The functional significance of the zebra coat stripe pattern is one of the oldest questions in evolutionary biology, having troubled scientists ever since Charles Darwin and Alfred Russel Wallace first disagreed on the subject. (Agencies)
While different theories have been put forward to address this question, the idea that the stripes act to confuse or 'dazzle' observers remains one of the most plausible. Researchers from Hungary and Sweden investigated how motion of the zebra's high contrast stripes creates visual effects that may act as a form of motion camouflage.
They found that the observer's visual system is flooded with erroneous motion signals that cause visual illusions. These illusory effects act together to confuse biting insects approaching from the air, or possibly mammalian predators during the hunt, particularly when two or more zebras are observed moving together as a herd.
In the study, researchers demonstrate that a zebra-striped horse model attracts far fewer horseflies (tabanids) than either homogeneous black, brown, grey or white equivalents.
"We show that the attractiveness of striped patterns to tabanids is also reduced if only polarization modulations - parallel stripes with alternating orthogonal directions of polarization - occur in horizontal or vertical homogeneous grey surfaces," researchers said in the Journal of Experimental Biology.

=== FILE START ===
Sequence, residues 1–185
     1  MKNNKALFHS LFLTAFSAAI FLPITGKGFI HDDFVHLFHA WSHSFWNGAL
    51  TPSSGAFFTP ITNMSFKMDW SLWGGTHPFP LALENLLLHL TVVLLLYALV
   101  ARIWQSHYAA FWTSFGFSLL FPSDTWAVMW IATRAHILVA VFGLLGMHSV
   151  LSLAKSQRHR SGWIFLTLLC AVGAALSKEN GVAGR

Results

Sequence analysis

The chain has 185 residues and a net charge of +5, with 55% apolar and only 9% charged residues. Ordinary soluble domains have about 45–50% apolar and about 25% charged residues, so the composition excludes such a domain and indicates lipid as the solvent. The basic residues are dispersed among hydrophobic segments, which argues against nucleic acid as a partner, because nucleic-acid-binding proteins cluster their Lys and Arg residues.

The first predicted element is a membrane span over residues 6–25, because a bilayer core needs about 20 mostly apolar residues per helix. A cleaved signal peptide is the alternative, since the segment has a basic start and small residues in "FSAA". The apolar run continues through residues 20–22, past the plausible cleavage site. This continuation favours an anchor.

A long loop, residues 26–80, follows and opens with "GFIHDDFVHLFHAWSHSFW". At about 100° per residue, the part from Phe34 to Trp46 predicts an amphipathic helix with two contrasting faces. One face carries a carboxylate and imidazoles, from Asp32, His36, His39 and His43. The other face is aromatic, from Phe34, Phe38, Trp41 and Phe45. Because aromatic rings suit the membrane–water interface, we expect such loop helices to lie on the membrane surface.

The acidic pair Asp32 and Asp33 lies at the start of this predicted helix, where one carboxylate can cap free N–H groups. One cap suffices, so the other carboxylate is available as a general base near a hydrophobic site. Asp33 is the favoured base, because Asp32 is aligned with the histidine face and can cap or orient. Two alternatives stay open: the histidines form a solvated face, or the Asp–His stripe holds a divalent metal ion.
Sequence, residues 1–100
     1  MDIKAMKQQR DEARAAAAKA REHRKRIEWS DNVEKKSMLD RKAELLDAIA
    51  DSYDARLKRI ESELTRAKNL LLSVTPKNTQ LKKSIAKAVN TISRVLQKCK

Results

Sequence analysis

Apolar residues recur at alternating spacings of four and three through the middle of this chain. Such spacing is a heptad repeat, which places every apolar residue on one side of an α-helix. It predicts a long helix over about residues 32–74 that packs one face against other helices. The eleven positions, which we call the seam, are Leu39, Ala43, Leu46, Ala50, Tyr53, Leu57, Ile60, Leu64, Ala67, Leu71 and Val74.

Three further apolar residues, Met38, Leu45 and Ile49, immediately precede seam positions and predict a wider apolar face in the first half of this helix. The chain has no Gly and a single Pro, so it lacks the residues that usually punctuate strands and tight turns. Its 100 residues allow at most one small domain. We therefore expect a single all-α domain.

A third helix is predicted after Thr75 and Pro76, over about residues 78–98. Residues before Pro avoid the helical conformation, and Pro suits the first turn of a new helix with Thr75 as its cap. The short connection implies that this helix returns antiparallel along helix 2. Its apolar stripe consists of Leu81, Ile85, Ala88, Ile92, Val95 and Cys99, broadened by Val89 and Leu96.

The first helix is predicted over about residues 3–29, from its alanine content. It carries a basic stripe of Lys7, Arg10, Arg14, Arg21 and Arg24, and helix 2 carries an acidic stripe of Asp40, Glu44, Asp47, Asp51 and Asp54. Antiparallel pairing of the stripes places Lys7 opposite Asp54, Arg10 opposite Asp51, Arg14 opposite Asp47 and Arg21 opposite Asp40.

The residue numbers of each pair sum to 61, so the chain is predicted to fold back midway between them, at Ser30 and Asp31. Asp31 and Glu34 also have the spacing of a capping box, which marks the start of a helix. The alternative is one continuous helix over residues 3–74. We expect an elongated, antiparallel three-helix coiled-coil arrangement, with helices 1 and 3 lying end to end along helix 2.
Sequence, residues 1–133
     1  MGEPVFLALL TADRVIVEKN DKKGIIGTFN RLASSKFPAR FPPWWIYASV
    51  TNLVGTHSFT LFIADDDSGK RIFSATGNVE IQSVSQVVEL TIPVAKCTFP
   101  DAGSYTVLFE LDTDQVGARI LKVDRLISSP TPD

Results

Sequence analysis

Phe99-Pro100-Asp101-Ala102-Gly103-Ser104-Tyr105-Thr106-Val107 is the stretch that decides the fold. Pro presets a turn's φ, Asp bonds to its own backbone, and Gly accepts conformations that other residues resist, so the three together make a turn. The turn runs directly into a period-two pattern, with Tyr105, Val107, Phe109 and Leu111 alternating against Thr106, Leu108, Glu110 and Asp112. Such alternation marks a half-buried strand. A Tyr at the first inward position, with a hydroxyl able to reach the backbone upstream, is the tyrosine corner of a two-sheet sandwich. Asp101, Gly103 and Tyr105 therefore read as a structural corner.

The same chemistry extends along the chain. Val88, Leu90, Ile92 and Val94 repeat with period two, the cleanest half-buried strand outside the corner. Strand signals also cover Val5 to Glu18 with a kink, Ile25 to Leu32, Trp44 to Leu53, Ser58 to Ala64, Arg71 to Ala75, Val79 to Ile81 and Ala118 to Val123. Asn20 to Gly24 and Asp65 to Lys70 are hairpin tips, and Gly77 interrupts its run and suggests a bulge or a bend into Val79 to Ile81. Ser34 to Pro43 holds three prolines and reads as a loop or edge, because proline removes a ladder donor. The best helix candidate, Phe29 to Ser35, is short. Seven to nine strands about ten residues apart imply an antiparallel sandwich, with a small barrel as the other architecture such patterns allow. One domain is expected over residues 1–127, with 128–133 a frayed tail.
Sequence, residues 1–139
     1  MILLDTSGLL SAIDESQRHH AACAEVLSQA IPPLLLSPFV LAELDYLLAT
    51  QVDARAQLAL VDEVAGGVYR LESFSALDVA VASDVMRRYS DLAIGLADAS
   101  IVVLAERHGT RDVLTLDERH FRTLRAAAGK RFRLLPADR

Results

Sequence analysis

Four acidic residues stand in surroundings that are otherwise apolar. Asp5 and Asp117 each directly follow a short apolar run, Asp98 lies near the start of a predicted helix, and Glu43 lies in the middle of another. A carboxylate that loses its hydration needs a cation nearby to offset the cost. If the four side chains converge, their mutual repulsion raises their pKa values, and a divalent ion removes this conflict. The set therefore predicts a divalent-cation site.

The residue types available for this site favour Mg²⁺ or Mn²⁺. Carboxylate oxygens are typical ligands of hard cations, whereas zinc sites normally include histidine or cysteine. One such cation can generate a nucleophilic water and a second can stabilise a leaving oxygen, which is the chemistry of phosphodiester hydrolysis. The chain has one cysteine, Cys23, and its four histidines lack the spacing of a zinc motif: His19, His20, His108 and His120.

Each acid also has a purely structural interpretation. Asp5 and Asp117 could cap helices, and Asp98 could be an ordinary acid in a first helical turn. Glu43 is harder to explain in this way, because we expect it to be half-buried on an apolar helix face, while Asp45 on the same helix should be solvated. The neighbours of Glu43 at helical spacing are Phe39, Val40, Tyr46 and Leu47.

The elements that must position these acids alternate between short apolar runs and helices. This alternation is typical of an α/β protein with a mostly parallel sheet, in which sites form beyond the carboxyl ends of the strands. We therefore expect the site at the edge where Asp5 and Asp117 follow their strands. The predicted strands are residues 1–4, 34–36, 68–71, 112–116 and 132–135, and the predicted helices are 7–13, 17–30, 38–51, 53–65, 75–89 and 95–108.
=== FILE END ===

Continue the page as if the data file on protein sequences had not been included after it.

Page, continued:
Tabanids have been shown to respond strongly to linearly polarized light, and the study demonstrated that the light and dark stripes of a zebra's coat reflect very different polarizations of light in a way that disrupts the attractiveness to tabanids.
Researchers found that the attractiveness to tabanids decreases with decreasing stripe width, and that stripes below a certain size are effective in not attracting tabanids.
Moreover, they found that the stripe widths of zebra coats fall in a range where the striped pattern is most disruptive to tabanids.
"This work provides an experimentally supported explanation for the underlying mechanism leading to the selective advantage of a black-and-white striped coat pattern," the study concluded.
The functional significance of the zebra coat stripe pattern is one of the oldest questions in evolutionary biology, having troubled scientists ever since Charles Darwin and Alfred Russel Wallace first disagreed on the subject.